National Radon Action Month: Resources for Local Health Departments

What is tasteless, colorless, and odorless and the number one cause of lung cancer in non-smokers in the United States? Radon. January is National Radon Action Month, a month designated by the Environmental Protection Agency (EPA) to take action against radon. Radon exposure is a preventable health risk.


Local health departments (LHDs) can raise awareness about radon in the community and encourage radon testing for homes, schools, and other buildings during the January call to action. Furthermore, LHDs can provide technical assistance regarding radon and educate the community about the differences among testing devices and make recommendations about the most appropriate test for a person’s need and conditions. Below are some frequently asked questions about radon to help LHD staff address concerns from the community.

What is radon?

Radon is a radioactive gas that comes from the natural decay of uranium in rocks and soil. Radon occurs naturally outdoors in all types of rocks and soils in harmless amounts, but can become concentrated in homes built on soil with natural uranium deposits. Radon moves up through the ground to the air and into homes through cracks and holes in the foundation. Nearly 1 out of every 15 homes in the United States is estimated to have elevated radon levels. Radon is not isolated to a certain geographical area or home type.

Why do you need to test for it?

Radon is the mean public exposure to ionizing radiation and accounts for approximately 21,000 deaths from lung cancer each year. Radon decays quickly, giving off tiny radioactive particles. When inhaled, these particles can damage cells that line the lungs either by creating free radicals or causing DNA breaks or damage. Long-term exposure to radon can lead to lung cancer.[1,2,3,4] Other adverse respiratory effects associated with chronic exposure to radon include emphysema, pulmonary fibrosis, chronic interstitial pneumonia, silicosis, and respiratory lesions. Exposure to radon and cigarette smoking are synergistic, meaning that the combined effect is greater than that of their independent effects.

How do you test for it?

The only way to know whether radon is a problem in your home is to test for it. The EPA urges testing if a home has not been tested for radon in the past two years. Radon testing and mitigation are easy and affordable activities that can significantly reduce the radon threat. Homes that are next door to each other can have different indoor radon levels; therefore, a neighbor’s radon test is a poor predictor of radon risk. You can test your home yourself through “do-it-yourself” radon test kits (available online and from local and state health departments and home improvement stores/centers) or hire a qualified radon test company.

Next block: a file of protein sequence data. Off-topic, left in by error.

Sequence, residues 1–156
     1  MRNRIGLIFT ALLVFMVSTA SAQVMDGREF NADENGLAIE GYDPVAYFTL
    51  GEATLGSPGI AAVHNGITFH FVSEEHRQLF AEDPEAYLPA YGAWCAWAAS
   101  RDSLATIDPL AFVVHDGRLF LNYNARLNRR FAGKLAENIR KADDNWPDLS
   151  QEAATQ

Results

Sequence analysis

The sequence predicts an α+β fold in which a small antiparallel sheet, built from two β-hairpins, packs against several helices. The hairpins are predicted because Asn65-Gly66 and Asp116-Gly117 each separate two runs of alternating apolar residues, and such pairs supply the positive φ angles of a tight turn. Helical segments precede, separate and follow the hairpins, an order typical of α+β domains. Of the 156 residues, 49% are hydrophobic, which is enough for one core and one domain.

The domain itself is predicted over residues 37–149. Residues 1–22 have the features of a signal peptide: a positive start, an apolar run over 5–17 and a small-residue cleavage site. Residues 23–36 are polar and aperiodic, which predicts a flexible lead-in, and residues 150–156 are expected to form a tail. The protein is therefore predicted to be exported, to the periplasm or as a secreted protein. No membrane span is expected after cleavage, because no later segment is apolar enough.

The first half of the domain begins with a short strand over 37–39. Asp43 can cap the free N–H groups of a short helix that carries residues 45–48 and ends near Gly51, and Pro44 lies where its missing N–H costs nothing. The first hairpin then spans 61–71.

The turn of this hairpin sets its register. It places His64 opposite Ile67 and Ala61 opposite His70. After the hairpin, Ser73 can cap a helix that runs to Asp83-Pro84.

How do you remediate it?

The EPA recommends taking action when the level of radon in a home is more than 4 picocuries per liter of air. There are simple solutions to fixing radon problems in homes. Some techniques prevent radon from entering the home and other techniques reduce radon levels after it has entered the home (i.e., subslab suction, drain-tile suction, sump-hole suction, block-wall suction, submembrane suction, sealing, home/room pressurization, heat recovery ventilation, and natural ventilation). Additionally, it is easy to build new homes radon-resistant. The EPA provides five basic techniques all builders should follow to prevent radon from entering a home.

More Radon Resources

  1. Alavanja MC, Lubin JH, Mahaffey JA, Brownson RC. Residential radon exposure and risk of lung cancer in Missouri. American Journal of Public Health 1999; 89(7):1042–1048.
  2. Darby S, Hill D, Doll R. Radon: a likely carcinogen at all exposures. Annals of Oncology 2001; 12(10):1341–1351.
  3. Field RW, Steck DJ, Smith BJ, et al. Residential radon gas exposure and lung cancer: the Iowa Radon Lung Cancer Study. American Journal of Epidemiology 2000; 151(11):1091–1102.
  4. Krewski D, Lubin JH, Zielinski JM, et al. A combined analysis of North American case-control studies of residential radon and lung cancer. Journal of Toxicology and Environmental Health, Part A 2006; 69(7):533–597.


About Lisa Brown

Lisa Brown serves as a Senior Program Analyst for Environmental Health, Pandemic Response, and Catastrophic Preparedness at NACCHO. Her work includes climate change preparedness, medical countermeasure planning and implementation efforts, and exploring the legal issues surrounding radiation preparedness.Twitter: @LisaBrownMPH

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